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The reigning best (& worst) trash talker in the NHL, Brad Marchand has found a balance between pest & star

Photo by Steve Babineau/NHLI via Getty Images

NEWARK — In an anonymous NHLPA players poll featuring over 500 participants, Brad Marchand found himself in rare company — standing as one of just two players to finish first in numerous categories during the wide-ranging survey.

Sure, the Oilers’ Connor McDavid took home the honors for Best Forward, Most Difficult Player To Play Against and Player You’d Start A Franchise With.

But not to be outdone, Marchand also paced the pack in a pair of groupings: Best Trash Talker — and Worst Trash Talker.

A unique honor for sure, but the 30-year-old winger was candid when asked of the polarizing results on Wednesday.

“A little disappointed about the worst trash talker, but I mean, you can’t be on every time, right? You’re going to have a couple fails,” Marchand said, tongue in cheek. “But it’s an honor and a privilege. Just want to thank everyone around the league for dealing with me. It’s been fun.”

It shouldn’t come as much of a surprise that Marchand continues to leap to the forefront of most players’ minds when it comes to chirps. After all, the pesky forward has cultivated quite the reputation for himself over his 10 years in the NHL — with his barbs and taunts not just reserved for opponents while lining up for a face-off or sitting on the bench.

“Giving grief? I’d probably say Marchy for sure,” Jake DeBrusk said of the best trash talker on the team. “He likes to give lots of guys heck here. Usually, I’m the one that kind of gets it the most, to be honest with you.”

Still, for as much as Marchand enjoys both pushing his teammates' buttons — both in person or via social media — or doling out a few digs during a game, Bruce Cassidy has noticed quite the shift in Marchand’s persona in regards to that area of the game.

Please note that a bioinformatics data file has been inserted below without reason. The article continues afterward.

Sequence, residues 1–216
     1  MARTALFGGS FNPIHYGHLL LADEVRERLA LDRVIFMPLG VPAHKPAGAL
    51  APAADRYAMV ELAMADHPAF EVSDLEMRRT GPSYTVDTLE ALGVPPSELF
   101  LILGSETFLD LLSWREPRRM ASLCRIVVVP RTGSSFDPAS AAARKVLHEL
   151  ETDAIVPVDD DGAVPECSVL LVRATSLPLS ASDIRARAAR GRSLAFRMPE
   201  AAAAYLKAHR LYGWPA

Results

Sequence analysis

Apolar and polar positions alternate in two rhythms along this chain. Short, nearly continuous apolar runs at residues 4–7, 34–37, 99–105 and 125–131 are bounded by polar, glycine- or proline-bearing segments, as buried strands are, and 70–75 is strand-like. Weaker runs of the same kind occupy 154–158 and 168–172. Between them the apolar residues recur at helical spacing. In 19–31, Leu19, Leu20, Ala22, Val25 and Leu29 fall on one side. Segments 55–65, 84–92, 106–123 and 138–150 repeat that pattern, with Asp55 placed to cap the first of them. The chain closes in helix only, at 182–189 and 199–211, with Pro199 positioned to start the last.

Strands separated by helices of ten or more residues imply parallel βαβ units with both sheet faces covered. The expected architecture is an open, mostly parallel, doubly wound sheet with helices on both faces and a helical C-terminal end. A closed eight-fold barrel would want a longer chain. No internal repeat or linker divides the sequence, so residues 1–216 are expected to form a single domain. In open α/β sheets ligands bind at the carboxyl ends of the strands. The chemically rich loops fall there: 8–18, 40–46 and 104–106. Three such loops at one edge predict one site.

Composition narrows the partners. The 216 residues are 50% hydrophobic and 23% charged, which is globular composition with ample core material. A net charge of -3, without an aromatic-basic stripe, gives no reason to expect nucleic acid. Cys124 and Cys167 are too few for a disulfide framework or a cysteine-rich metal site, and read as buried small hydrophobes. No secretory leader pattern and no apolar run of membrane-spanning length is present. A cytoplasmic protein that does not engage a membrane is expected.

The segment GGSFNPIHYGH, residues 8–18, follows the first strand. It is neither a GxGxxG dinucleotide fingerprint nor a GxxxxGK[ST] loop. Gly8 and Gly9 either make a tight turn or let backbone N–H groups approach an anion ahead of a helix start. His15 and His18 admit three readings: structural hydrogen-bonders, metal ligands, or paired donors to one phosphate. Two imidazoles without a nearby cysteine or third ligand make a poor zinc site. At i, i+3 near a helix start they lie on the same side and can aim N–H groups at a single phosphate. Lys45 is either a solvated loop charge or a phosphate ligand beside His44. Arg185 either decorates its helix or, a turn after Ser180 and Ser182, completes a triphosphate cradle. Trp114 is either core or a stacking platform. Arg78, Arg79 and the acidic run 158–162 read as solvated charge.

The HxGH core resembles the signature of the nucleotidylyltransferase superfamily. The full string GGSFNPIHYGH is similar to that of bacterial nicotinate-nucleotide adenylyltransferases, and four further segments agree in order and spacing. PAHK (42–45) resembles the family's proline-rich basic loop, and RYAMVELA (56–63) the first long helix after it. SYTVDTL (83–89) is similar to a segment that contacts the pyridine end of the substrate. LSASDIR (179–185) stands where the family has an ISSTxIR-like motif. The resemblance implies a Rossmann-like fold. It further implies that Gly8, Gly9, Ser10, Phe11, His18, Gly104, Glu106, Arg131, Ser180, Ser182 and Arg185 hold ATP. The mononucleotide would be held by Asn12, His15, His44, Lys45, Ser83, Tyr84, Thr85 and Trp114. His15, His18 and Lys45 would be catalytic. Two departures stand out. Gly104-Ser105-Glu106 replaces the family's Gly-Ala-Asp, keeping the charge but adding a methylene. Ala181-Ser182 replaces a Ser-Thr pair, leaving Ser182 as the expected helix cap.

Once a bottom-six contributor that had to toe the line between agitator and a “little ball of hate” in order to carve out a niche up at the NHL level, Marchand has come a long way from how Cassidy remembers him while coaching down in Providence — back when Marchand was already a refined pest with a hefty chip on his shoulder.

“Marchy with his trash talk, he’s getting more humorous than — X-rated, I guess? Probably not the best way to put it,” Cassidy said. “He’s a little bit less angry in his trash talk. A little more confident and funny, and I think it’s been good. Even with the refs, I think he’ll throw some stuff at them too and it’s stuff that the refs have to chuckle at and not get upset about.”

This season, Marchand is still good for a creative penalty-box insult or a celly that would make Don Cherry’s face turn scarlet, but it’s much more of a step down from his previous antics over the years.

Even as recently as last season, Marchand found himself back in the principal’s office on a number of occasions — earning a five-game suspension for elbowing now-teammate Marcus Johansson while catching plenty of flak during the Stanley Cup Playoffs for licking both Leo Komarov and Ryan Callahan.

Once the Lightning ended Boston’s playoff hopes in the Eastern Conference Semifinals, a contrite Marchand seemed ready to tone things down a bit in terms of how he carries himself on the ice, at least when it comes to getting into antics.

“That's kind of been something I've wanted to work on for the last few years," Marchand said back in May. "Just work more on that role. I've got to figure some s--- out before that's really going to happen to get to the next level where Bergy, Zee, Krech and Backs are. I've got to get rid of that stuff. The next few years, I think my biggest thing is turning around more of the character side of things than my game."